Since the calendar ticked over to 2019, we’ve seen 18 reviews of 15 short story collections here on the AWW blog. I think that is pretty impressive.
I am a little like the Mad Hatter this year, running late for everything, including reading, so I’m pleased to have the opportunity to read all the great reviews through the AWW Challenge which allow me to refine my reading list.
There is a wonderful review of ‘Too Deadly’ (various authors from the Us Mob Writing Group) at Whispering Gums where we get a sense of each of the Canberra-based writers’ contributions. What a great overview and thanks to Sue for including each of the writers and doing it so well. The quotes chosen help to convey the essence of the collection. Sue concludes that the variety of the pieces included in the book ‘provides a breadth of insight that is not easily come by.’
Theresa Smith and Yvette Gilfillan have both reviewed ‘Heroines: An Anthology of Short Fictions and Poetry’ (edited by Sarah Nicholson and Caitlin White).
Theresa Smith says she is glad she challenged herself to ‘read out of [her] comfort zone’, thoroughly enjoying the ‘lyrical, intimate and thought provoking contributions’. She concludes her review by naming her three favourite pieces.
Yvette Gilfillan tell us this ‘explosive string of poetry and short fiction’ is ‘unflinchingly feminist’ and ‘totally badass’ and gives a good idea of the shades of light and dark contained in the collection.
All in all, Heroines ticked off every sphere of interest I have in literature: strong female writers and characters, danger, romance, passion, and a penchant for not playing by the rules.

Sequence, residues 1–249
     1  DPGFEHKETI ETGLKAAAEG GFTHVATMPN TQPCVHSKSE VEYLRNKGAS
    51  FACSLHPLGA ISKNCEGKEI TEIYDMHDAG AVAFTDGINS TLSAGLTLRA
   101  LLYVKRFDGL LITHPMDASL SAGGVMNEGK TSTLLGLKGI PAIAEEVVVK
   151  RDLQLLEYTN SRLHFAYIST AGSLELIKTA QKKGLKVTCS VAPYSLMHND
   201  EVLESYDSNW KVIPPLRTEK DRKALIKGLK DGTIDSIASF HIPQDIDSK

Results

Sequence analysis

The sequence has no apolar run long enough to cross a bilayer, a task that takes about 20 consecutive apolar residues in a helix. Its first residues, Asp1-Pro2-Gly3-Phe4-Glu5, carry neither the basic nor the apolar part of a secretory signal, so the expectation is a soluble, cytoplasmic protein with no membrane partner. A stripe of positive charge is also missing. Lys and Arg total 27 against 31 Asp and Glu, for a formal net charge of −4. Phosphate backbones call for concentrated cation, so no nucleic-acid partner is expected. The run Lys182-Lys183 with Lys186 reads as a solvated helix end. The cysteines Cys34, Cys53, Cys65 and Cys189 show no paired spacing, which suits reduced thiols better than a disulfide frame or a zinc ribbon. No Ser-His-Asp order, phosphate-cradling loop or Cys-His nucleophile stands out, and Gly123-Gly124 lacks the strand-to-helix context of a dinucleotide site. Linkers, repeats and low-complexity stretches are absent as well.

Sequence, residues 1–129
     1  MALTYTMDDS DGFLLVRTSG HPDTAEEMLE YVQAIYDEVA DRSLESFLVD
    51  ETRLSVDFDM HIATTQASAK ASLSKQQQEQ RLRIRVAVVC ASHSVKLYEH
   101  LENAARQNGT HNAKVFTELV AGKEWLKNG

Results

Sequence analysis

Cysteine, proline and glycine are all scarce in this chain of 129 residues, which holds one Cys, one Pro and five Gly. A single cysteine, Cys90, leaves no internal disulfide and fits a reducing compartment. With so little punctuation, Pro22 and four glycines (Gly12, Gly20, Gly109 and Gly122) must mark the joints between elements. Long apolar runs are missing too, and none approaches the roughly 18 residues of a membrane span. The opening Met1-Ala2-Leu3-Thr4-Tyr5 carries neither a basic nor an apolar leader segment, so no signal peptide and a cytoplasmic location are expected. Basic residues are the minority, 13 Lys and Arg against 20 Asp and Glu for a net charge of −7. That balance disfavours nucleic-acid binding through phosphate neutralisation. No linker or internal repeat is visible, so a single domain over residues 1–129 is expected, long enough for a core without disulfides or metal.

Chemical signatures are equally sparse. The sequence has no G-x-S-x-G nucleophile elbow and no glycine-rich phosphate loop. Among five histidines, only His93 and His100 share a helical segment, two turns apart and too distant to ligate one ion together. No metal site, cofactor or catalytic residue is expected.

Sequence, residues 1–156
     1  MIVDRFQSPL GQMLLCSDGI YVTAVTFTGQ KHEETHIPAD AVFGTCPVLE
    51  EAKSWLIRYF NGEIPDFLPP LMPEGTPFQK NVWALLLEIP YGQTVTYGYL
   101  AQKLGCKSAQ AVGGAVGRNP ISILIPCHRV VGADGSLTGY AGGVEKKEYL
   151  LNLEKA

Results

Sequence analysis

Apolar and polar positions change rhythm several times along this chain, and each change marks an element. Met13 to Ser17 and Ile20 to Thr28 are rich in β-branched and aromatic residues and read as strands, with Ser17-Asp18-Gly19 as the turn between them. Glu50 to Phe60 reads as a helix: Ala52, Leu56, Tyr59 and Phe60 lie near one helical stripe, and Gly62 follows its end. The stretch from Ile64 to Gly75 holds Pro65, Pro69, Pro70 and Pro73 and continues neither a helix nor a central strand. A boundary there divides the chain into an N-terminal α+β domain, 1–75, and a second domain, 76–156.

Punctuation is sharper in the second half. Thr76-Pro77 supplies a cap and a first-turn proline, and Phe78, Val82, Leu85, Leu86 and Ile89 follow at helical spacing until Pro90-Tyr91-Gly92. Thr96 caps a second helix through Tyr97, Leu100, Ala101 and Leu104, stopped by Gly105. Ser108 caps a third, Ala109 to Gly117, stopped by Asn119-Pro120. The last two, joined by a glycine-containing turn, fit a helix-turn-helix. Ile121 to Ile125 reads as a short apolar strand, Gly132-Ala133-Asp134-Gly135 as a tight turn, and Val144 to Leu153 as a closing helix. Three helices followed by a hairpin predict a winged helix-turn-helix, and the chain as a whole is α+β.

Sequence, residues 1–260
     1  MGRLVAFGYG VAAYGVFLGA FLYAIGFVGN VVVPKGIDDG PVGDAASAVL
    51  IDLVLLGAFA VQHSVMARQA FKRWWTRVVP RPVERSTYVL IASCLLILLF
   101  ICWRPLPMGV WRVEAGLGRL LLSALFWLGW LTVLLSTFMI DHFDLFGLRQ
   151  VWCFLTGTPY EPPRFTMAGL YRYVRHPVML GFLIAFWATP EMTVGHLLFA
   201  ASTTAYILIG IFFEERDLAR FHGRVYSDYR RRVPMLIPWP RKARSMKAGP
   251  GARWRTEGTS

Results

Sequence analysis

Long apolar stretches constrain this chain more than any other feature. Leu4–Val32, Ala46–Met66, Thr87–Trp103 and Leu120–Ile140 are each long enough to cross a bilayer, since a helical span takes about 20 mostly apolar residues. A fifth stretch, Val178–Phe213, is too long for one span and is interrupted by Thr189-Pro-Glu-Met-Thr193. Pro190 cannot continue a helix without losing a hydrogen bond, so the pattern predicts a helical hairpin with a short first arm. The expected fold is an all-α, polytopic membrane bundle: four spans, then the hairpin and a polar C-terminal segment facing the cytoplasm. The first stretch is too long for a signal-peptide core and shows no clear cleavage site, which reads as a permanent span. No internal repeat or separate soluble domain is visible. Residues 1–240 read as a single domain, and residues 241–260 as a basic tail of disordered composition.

Also scoring a couple of reviews is Zebra and other stories by Debra Adelaide (love the cover).
Despite not being a huge fan of the genre (‘they [short stories] leave me feeling a bit unsatisfied’) Bree @1girl2manybooks tackles the review with good humour and finds something to like in a few of the stories. I had a real chuckle reading Bree’s thoughts on Chekhov and Russian short stories in general. I feel there would be other readers who would connect with her comments.
Ashleigh Meikle – The Book Muse also reviews Adelaide’s collection, pointing out that the way the author has grouped the stories around perspective is what makes ‘the entire anthology more powerful.’ Ashleigh shares her favourite piece and gives a good overview as to why it earns her top spot.
Last year’s top reviewed collections continue to resonate. Kate Forsyth’s Vasilisa the Wise and other tales of Brave Young Women (illustrated by Lorena Carrington) scored another Goodreads review by Jennifer Cameron-Smith, and Melanie Cheng’s award-winning Australia Day is highly praised by Cloggie Downunder (also via Goodreads).
Helen Sibbritt reviewed four collections via Goodreads (Our Country Christmas [Darry Fraser, Penelope Janu, Fiona Lowe, Eva Scott, Jacquie Underdown], Untamed Destinies [Kim Petersen, Beth Prentice, Catherine Evans] as well as two speculative ‘quickies’ from Phillipa Nefri Clark).
Whispering Gums hosts a guest review from Amanda, of Jennifer Down’s Pulse Points. A thoughtful, constructive review that gives potential readers some good insights.
On behalf of readers and writers everywhere, thanks to all the wonderful reviewers for your insights.
I write fiction, non-fiction and poetry. ‘Flame Tip’ (Hybrid Publishers) is my fire themed collection of shorts. I’m currently working on a water themed contemporary historical novel and I sometimes blog at www.karenleethompson.wordpress.com. You can find me on Facebook @karenleethompsonauthor.
Haha Karenlee, as I opened this I wondered if I’d had anything to offer this period, and there, you featured my review first (and Amanda’s last)! Thanks. I’m glad you appreciated the Us Mob Writing post. Books like that need more air, don’t they?
I’d like to read Pulse points myself, and Australia Day, and also Debra Adelaide’s new book.
Yes they definitely do need more air. I really loved how you were able to include each contributor.